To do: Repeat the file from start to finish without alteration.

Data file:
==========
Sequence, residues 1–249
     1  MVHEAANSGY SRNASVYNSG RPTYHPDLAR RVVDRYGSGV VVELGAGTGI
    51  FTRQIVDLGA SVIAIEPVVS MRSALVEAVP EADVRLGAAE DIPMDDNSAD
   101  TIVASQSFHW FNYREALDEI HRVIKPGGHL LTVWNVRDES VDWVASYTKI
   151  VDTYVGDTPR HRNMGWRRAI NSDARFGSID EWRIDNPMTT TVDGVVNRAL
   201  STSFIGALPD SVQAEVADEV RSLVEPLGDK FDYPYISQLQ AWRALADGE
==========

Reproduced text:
Sequence, residues 1–249
     1  MVHEAANSGY SRNASVYNSG RPTYHPDLAR RVVDRYGSGV VVELGAGTGI
    51  FTRQIVDLGA SVIAIEPVVS MRSALVEAVP EADVRLGAAE DIPMDDNSAD
   101  TIVASQSFHW FNYREALDEI HRVIKPGGHL LTVWNVRDES VDWVASYTKI
   151  VDTYVGDTPR HRNMGWRRAI NSDARFGSID EWRIDNPMTT TVDGVVNRAL
   201  STSFIGALPD SVQAEVADEV RSLVEPLGDK FDYPYISQLQ AWRALADGE